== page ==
Landlords aren’t the only ones with blacklists. It turns out that insurance companies which underwrite co-op, condo and renter’s insurance policies also make decisions based on shared information about your claims history.
And even if you pay your premiums on time for years--and would never dream of filing a trumped-up claim--it is surprisingly easy to wind up on The List.
Here’s what you need to know, says NYC apartment insurance broker Jeff Schneider, president of Gotham Brokerage:
1. Two-strike rule: Two legitimate claims in 3 years can get your policy canceled
In New York State, most home insurance policies can only be cancelled by insurers after three years, following an initial 60 day due diligence period says, Schneider.
At the three-year mark, your insurer will review your claims history. A single questionable claim is enough to get you canceled. In addition, most insurance companies will either decline to renew your policy or significantly increase your rates even if you have two legitimate claims—and even if you’ve been faithfully paying your premiums without a claim for years before that.
“Whether you’re at fault doesn’t matter,” says Schneider. “Most companies use a statistical model to determine whether you’re a profitable client.”
Note that there is one big exception to the two-strike rule: Claims from major disasters like Hurricane Sandy are considered “catastrophic losses” by the insurance industry and are not counted.
2. Once your policy is canceled, you’ll have to buy high-priced alternatives in the non-regulated “excess” market until enough time passes without another claim
Insurers are allowed to share your claims history with one another--and they do.
“If you've had two claims with Allstate and go to State Farm, they'll look up your claims history and only take you later--at a higher rate than you were paying before--when you’ve had 1 claim in 3 years,” says Schneider.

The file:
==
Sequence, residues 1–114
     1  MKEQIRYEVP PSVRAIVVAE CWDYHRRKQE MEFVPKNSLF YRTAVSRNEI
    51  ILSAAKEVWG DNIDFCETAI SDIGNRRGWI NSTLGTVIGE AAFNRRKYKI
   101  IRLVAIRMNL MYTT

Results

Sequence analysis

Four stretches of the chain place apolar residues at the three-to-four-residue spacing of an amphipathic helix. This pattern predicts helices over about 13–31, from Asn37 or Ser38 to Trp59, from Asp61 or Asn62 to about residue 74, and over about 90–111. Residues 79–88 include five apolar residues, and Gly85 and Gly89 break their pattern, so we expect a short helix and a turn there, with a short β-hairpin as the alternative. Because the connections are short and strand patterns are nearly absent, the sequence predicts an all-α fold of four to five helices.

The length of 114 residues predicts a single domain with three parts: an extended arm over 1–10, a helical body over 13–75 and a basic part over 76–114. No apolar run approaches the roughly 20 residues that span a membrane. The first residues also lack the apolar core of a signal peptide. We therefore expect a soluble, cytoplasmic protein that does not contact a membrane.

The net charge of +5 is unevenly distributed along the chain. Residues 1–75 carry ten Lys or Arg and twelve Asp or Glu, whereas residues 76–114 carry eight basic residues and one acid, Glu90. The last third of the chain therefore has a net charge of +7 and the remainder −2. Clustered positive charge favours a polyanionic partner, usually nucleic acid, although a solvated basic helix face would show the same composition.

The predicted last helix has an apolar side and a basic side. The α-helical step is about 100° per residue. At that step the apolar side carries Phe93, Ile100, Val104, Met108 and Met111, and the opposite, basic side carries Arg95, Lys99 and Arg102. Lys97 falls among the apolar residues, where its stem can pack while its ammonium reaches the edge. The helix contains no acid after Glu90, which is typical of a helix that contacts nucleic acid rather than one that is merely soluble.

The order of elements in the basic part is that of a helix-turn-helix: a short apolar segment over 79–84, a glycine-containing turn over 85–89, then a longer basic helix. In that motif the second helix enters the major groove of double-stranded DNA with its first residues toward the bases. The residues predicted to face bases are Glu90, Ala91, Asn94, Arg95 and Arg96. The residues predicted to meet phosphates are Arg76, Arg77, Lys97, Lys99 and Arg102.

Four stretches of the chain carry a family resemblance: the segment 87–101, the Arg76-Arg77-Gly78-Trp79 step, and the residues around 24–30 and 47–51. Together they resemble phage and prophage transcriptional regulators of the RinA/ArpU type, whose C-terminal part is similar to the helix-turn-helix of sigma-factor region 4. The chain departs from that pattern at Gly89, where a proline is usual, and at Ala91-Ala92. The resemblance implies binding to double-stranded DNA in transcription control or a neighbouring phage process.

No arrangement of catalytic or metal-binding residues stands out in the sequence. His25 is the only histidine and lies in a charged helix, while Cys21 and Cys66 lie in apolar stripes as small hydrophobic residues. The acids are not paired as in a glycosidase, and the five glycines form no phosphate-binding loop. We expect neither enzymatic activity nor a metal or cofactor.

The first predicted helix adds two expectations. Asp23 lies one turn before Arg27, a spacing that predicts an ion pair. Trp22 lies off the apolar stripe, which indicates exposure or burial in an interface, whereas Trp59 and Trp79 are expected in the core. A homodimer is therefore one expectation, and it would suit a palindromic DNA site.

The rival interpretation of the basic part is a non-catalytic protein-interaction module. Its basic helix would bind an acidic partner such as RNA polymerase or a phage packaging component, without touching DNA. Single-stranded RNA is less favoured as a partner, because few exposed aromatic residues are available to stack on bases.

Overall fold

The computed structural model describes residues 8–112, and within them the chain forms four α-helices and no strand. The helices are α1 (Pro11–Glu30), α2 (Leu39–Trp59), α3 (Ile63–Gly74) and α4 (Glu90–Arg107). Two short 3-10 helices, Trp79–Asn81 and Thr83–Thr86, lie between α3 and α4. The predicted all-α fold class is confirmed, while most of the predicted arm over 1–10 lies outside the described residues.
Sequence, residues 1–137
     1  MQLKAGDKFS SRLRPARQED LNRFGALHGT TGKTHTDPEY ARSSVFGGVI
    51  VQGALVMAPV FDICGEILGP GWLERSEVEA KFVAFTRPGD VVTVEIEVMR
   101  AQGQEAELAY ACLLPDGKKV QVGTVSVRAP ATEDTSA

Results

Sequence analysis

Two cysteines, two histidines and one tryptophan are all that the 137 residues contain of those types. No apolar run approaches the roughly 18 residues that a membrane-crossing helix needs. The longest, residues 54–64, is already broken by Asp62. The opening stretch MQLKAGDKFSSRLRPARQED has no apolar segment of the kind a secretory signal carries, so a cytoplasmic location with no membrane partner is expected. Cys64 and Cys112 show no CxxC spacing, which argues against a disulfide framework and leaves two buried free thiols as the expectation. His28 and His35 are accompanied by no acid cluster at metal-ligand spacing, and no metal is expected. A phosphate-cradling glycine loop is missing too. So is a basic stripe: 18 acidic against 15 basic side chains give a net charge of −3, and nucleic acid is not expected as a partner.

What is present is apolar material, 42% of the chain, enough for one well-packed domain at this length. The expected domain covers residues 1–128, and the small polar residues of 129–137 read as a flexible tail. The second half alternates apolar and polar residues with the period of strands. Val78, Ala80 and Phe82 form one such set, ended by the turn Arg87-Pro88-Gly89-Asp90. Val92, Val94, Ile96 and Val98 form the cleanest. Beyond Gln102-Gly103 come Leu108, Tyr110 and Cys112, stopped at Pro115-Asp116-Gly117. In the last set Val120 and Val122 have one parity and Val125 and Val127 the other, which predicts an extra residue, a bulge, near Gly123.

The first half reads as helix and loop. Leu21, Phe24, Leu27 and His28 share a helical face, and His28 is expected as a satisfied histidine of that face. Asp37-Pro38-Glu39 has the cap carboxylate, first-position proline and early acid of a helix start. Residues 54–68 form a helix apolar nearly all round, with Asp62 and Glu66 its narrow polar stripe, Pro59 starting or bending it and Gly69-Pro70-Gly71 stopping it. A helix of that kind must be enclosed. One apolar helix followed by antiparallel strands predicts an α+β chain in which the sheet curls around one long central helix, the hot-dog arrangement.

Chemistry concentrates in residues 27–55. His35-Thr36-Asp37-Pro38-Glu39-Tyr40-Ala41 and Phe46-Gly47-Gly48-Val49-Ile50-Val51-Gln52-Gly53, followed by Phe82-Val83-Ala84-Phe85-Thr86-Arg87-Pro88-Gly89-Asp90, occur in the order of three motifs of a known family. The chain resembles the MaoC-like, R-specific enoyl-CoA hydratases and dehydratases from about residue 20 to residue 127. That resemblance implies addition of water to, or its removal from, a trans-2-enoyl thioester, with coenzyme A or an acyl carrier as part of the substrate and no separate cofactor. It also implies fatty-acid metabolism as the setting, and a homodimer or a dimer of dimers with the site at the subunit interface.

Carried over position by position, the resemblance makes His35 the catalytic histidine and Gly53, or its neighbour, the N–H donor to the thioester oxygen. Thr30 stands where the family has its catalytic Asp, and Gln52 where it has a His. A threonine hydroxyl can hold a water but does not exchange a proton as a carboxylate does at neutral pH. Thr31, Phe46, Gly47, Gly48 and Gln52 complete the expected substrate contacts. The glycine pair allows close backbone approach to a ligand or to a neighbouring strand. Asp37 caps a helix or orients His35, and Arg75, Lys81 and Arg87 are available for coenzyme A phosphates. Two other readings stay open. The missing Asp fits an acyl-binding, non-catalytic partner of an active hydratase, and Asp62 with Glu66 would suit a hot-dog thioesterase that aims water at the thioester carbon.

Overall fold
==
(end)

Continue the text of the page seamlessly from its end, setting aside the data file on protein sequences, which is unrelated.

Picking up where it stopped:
In the interim, he says, most apartment dwellers seek insurance in the costly 'excess market,’ from reliable companies with non-regulated rates and stricter coverage requirements.
“Your $300 a month co-op insurance policy could easily triple for the same coverage,” says Schneider.
3. To stay off the blacklist, pay out of pocket for small claims
Buy a policy with a high deductible ($500 for smaller apartments and up to $2,500 if you are insuring several hundred thousand dollars of value) and pay for smaller misfortunes out of your own pocket, says Schneider.
“Don't mess around with smaller claims,” he says. “What tends to happen is incidents bunch up. People think, ‘I’ve been paying my insurance for 6 years without a claim and so I’m going to file a small one to get some of my money back.’ The next thing they know, a big one happens.”
There is one important exception: Always report any situation in which it’s difficult to assess the damage and could result in a serious claim or potential lawsuit later on down the road.
Most commonly, this pertains to water damage from overflows and broken pipes.
“In one claim we handled, a mold situation developed two years after an overflow from an upstairs apartment,” says Schneider. “The owner of the moldy apartment, who had taken out additional mold coverage, claimed medical sensitivity to mold and the apartment had to be gutted down to the studs at a cost of several hundred thousand dollars. The insurance company looked to hold the upstairs apartment owner responsible. Some insurers would refuse to cover liability for damage that initially went unreported.”
The same goes for a situation resulting in personal injury—like accidentally whacking your squash partner in the head with your racket (yes, this is covered by apartment insurance).
Damage from fire and theft, on the other hand, can usually accurately assessed at the time of the incident, and if it’s not a huge loss, you may be better off paying it yourself, says Schneider.
Gotham Brokerage Co., Inc., an insurance brokerage, has been serving NYC renters, co-op and condo owners for over 45 years. For a free quote, click on over to Gotham Brokerage or give them a call at 212-406-7300.
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